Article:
Produced on April 20, 1937, in La, California, George Takei beat the racial hurdles of his time to start an effective performing career. He starred as Lieutenant Hikaru Sulu through the three-year television run of Star Trek, and later reprised the role for six films. Conspicuously involved with gay rights and Japanese-American groups, Takei is now an extremely popular social media existence.
George Hosato Takei was born on April 20, 1937, in La, California. In the age of 5, he along with his family were uprooted from their property and compelled to reside at Japanese internment camps in Arkansas and northern California. They returned to La after the Second World War, and Takei registered in the University of California at Berkeley to study architecture.
While in school, George Takei reacted to your newspaper ad looking for Asian voiceover performers for the English edition of the Japanese monster movie Rodan (1956). That led to more voiceover work, together with small parts in television programs like Perry Mason as well as the movie Ice Palace (1960). Determining to concentrate on performing full time, Takei transferred to the University of California Los Angeles, where he earned both a bachelor’s as well as master’s degree in theatre.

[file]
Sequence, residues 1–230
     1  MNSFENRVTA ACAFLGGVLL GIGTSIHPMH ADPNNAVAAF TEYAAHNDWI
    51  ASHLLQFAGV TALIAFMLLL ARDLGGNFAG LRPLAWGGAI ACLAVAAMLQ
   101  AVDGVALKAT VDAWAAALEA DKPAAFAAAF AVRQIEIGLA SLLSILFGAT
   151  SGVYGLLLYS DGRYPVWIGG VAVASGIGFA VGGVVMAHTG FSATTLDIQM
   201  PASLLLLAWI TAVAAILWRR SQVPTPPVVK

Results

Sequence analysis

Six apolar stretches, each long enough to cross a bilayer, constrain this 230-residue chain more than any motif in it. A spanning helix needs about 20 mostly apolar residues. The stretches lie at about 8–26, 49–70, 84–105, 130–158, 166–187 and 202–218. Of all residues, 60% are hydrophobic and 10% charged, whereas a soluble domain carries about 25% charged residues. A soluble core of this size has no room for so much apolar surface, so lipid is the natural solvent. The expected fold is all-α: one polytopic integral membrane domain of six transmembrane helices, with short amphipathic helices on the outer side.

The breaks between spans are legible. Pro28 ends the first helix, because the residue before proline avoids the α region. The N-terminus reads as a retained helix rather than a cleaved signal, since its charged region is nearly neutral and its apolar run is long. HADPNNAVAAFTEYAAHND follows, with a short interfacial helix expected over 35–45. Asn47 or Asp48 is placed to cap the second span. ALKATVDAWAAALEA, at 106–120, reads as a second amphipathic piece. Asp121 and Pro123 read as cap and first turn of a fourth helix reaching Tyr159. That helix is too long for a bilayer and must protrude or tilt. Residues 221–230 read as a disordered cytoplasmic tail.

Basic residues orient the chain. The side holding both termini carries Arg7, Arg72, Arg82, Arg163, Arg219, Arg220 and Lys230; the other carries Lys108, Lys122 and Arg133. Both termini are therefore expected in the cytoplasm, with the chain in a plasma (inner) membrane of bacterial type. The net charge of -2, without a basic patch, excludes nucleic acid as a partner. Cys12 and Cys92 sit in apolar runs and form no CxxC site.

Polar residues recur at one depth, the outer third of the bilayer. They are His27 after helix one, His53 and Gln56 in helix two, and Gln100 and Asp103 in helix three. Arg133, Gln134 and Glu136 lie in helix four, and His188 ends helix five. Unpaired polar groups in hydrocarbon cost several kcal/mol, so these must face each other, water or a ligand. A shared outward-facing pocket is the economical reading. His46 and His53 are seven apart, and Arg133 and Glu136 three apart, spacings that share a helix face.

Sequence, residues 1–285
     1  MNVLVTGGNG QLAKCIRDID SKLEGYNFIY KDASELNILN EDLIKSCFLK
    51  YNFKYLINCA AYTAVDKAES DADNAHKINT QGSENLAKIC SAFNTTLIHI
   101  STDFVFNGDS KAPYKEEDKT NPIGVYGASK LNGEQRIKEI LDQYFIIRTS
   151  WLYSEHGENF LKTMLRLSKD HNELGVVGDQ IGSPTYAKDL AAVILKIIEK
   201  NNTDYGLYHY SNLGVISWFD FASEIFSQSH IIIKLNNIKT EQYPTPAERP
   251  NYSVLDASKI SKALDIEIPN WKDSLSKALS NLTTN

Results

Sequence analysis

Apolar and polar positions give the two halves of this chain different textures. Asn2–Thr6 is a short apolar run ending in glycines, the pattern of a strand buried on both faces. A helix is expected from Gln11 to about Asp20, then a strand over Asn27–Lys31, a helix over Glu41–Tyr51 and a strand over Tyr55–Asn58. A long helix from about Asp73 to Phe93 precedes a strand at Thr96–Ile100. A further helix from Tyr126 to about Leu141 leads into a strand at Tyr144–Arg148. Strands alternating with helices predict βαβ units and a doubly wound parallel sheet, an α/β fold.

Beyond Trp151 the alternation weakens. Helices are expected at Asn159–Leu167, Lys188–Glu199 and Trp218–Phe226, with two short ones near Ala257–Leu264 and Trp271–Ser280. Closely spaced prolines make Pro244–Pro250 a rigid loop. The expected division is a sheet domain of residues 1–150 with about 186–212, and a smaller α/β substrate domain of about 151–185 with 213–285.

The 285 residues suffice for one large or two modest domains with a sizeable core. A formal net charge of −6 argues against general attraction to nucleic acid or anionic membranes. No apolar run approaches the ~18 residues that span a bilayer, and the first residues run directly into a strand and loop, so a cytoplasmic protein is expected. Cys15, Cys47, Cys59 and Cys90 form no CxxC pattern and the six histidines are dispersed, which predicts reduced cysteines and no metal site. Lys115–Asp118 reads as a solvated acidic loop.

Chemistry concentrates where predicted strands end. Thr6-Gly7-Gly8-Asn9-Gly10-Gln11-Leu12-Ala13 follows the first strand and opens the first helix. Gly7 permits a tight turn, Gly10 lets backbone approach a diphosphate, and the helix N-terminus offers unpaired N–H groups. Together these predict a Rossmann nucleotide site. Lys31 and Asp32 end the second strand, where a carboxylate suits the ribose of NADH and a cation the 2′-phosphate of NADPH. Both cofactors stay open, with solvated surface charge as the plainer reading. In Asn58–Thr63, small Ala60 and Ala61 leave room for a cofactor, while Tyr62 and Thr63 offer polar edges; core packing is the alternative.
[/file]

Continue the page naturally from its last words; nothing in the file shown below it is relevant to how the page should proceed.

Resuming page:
In 1966, Takei became among the few Asian Americans to be featured prominently on TV when he starred as Lieutenant Hikaru Sulu to the science fiction show Star Trek. He returned after taking time off through the next season to movie The Green Berets (1968), but his character as Sulu was briefly shelved when Star Trek was canceled in 1969.
Momentum collected for the making of the film, and Takei reunited with all the remainder of his previous castmates for Star Trek: The Motion Picture (1979) and five sequels during the following dozen years.
The veteran performer additionally became a semi-regular guest on the Howard Stern Show, as well as in 2006, he was named Stern’s official announcer after the shock jock’s move to Sirius XM Radio.
Takei was involved with a job close to his heart when he took on a starring part in Allegiance, a production concerning the World War II internment of Japanese Americans.
Takei has stayed a busy guy from show business.
In 2005, Takei openly declared his homosexuality to Frontiers magazine. He wed his longtime partner, Brad Altman, in September 2008.
Recently, Takei has earned a following from a fresh generation of fans along with his humorous, incisive posts on Facebook. His grand social media existence, as well as the 2013 launch of Star Trek Into Darkness, has helped keep this skilled performer and activist in the public eye.